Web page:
Section 133(b) of Ontario’s Courts of Justice Act states that leave to appeal is required “where the appeal is only as to costs that are in the discretion of the court that made the order for costs.” The Ontario Court of Appeal’s September 25, 2014 decision in KDS v. Aamazing Technologies Inc.confirms that leave is not required to appeal if the order appealed from also affects substantive rights of a party. In doing so, the Court also gave helpful guidance regarding when appeals should be heard together, and when security for costs should be ordered on an appeal.
The case emerged from complicated litigation, a different aspect of which has previously been discussed on this blog, and which has spanned across Taiwan, Hong Kong, California and Ontario.
Christina Chiang, one of the defendants in the underlying Ontario actions and one of the respondents in this appeal, had become indebted to KDS, one of the plaintiffs in the actions and one of the appellants on this appeal, after the Ontario Superior Court ordered the enforcement of a California judgment against her. In another action in Ontario where KDS was unsuccessful, KDS was ordered to pay Christina Chiang’s costs. The trial judge refused to order that the costs award be set off against the amount that Christina Chiang owed KDS. The Court then analyzed how KDS, which had also filed a notice of appeal from the trial judgment dismissing its claim but had not perfected the appeal, could appeal the costs order:
Is leave required to appeal the costs order?
 Christina Chiang and the Trustee argue that leave is required for all appeals as to costs, pursuant to s. 133(b) of the Courts of Justice Act.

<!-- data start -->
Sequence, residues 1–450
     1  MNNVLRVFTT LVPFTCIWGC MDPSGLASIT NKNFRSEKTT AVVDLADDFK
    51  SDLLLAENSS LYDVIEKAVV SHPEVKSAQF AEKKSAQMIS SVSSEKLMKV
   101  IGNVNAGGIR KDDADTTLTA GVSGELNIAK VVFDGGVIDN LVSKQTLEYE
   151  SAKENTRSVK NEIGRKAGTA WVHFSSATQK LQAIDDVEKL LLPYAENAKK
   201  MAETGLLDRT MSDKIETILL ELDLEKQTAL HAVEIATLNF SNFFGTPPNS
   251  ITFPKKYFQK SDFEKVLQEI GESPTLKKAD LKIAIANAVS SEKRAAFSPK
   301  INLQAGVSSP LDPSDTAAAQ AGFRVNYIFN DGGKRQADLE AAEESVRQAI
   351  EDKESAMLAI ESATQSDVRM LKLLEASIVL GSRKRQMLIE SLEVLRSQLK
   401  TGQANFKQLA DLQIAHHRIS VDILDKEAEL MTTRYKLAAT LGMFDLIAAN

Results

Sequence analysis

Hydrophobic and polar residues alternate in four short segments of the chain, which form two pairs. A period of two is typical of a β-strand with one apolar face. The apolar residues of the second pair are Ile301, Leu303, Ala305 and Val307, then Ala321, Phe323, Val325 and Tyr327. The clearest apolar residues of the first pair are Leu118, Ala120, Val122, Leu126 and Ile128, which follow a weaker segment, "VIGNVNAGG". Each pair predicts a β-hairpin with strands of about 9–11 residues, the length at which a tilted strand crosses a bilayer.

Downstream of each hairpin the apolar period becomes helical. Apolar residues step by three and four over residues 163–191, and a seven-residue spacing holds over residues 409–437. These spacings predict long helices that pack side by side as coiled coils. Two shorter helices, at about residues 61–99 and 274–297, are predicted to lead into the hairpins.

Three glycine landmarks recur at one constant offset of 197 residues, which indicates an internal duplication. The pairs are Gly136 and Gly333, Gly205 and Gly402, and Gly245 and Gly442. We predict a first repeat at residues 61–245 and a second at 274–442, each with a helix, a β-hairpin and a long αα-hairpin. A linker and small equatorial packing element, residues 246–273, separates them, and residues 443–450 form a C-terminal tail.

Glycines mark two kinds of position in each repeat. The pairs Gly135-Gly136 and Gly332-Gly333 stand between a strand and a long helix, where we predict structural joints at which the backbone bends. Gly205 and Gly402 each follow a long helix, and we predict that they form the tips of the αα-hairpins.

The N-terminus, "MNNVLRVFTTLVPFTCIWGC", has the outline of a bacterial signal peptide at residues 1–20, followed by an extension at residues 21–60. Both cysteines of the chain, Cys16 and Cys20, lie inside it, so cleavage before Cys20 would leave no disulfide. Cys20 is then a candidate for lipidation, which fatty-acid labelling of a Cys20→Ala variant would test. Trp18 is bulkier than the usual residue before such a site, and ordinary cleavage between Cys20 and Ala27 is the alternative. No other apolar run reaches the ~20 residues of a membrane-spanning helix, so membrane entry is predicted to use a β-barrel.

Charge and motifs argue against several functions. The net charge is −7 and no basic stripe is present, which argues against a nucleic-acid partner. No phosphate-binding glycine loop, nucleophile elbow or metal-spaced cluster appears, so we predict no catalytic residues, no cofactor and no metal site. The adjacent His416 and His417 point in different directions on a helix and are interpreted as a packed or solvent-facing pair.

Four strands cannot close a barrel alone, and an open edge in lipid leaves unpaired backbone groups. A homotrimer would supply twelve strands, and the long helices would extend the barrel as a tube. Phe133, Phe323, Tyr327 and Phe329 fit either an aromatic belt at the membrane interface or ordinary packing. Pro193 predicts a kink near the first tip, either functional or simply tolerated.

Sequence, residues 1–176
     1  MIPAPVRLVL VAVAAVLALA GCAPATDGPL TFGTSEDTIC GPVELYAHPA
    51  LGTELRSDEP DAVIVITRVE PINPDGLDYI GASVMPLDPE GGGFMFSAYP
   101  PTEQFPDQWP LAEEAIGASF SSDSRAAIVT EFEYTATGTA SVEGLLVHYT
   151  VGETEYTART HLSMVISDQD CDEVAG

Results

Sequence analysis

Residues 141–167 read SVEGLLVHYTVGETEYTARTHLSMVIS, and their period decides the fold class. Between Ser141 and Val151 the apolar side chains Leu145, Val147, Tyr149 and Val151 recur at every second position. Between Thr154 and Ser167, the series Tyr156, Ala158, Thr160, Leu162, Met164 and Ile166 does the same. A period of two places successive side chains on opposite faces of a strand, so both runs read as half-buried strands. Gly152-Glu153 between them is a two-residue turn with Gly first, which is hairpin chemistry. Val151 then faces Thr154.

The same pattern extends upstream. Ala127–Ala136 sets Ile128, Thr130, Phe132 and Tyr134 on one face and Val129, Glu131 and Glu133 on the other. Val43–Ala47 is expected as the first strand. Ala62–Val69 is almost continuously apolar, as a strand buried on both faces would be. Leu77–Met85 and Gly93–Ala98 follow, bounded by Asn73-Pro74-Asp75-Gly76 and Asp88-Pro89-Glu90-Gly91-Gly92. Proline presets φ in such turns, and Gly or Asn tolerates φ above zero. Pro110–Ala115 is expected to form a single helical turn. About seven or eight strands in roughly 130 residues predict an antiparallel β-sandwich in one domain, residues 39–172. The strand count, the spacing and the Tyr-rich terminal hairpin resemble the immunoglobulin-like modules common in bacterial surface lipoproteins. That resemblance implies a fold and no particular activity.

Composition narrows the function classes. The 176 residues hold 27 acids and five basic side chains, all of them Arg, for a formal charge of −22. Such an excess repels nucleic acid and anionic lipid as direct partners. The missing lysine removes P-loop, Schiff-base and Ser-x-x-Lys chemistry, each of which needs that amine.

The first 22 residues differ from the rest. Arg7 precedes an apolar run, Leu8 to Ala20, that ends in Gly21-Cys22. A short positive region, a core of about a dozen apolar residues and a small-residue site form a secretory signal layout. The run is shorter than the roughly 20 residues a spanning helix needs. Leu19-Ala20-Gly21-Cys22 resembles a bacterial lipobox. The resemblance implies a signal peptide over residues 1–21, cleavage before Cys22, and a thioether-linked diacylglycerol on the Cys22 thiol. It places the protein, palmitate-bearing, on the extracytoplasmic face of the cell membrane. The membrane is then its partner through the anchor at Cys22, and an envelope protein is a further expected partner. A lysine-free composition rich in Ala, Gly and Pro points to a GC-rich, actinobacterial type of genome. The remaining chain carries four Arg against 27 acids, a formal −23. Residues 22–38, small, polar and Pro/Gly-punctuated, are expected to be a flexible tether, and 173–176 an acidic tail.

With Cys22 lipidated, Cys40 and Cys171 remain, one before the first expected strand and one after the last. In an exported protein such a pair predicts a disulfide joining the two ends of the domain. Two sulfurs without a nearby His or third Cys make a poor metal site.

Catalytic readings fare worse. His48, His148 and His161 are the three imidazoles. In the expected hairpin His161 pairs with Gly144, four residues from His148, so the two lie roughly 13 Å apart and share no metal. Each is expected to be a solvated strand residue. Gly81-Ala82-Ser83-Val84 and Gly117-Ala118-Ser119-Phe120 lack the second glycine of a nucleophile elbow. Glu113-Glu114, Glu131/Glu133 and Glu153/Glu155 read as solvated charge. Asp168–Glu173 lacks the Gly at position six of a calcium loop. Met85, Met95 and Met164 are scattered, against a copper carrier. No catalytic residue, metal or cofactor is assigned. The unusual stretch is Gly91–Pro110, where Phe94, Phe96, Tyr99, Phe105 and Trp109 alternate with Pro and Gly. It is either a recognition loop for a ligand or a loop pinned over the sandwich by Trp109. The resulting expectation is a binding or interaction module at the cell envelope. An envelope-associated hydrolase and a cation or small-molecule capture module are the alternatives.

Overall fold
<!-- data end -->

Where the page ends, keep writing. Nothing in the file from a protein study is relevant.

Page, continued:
KDS argues that the order goes beyond the usual “quantum and entitlement” determination with respect to costs; the order alters legal rights not related to the costs of the fraudulent conveyance action.
 The costs order provides that:
- Christina Chiang is entitled to her costs fixed in the amount of $665,990.96;
- to the extent that the costs are paid by the Estate, the Trustee is entitled to seek recovery from KDS;
- counsel for Christina Chiang is entitled to a solicitor’s lien on the costs, which shall have priority over the claims of the Estate’s unsecured creditors;
- all of KDS’s reasonable costs arising from KDS’s efforts to sell the Chiang’s house at 10 Cortina Court, and an outstanding costs order for $15,000 made against Christina Chiang, have been satisfied from surplus funds realized from the sale of the house;
- outstanding costs orders made against Jay and Christina Chiang are to be satisfied out of funds received by the Trustee from Winner International Group Ltd. after the trial decision.
Is the order more than a costs order?
 Here, the trial judge’s decision not to allow set-off has a substantive effect on the legal rights of KDS. The decision effectively eliminates the ability of KDS to set-off this debt against the much larger judgment debt owed to it by Christina Chiang. [emphasis added]
 In our view, the order is not a straightforward determination of who should pay the costs and how much those costs should be. The order determines rights that extend beyond the entitlement to and quantum of the costs. As such, the appeal is not “only as to costs”. Thus, leave is not required under s. 133(b) of the Courts of Justice Act. However, if leave were required, we would have granted leave.
Should the costs appeal be separated from the main appeal?
 The complexity of the issues involved and the commonality of the history make it necessary to have the costs appeal heard with the enforcement appeal. In addition, the claim for set-off can only be fully evaluated in the context of the past judgments and costs orders issued against Jay and Christina Chiang. The appeals will be heard together.
 KDS will have 45 days to perfect the appeals.
Security for Costs
 Christina Chiang asks that KDS be required to pay the costs order, as well as security for costs of the appeal, into this court. She contends that KDS has no assets in Canada.
 The appeal is not frivolous or devoid of merit. In addition, it is Ms. Chiang who has been found in contempt of court and who has failed to pay costs ordered against her. This would not be an appropriate case for security for costs.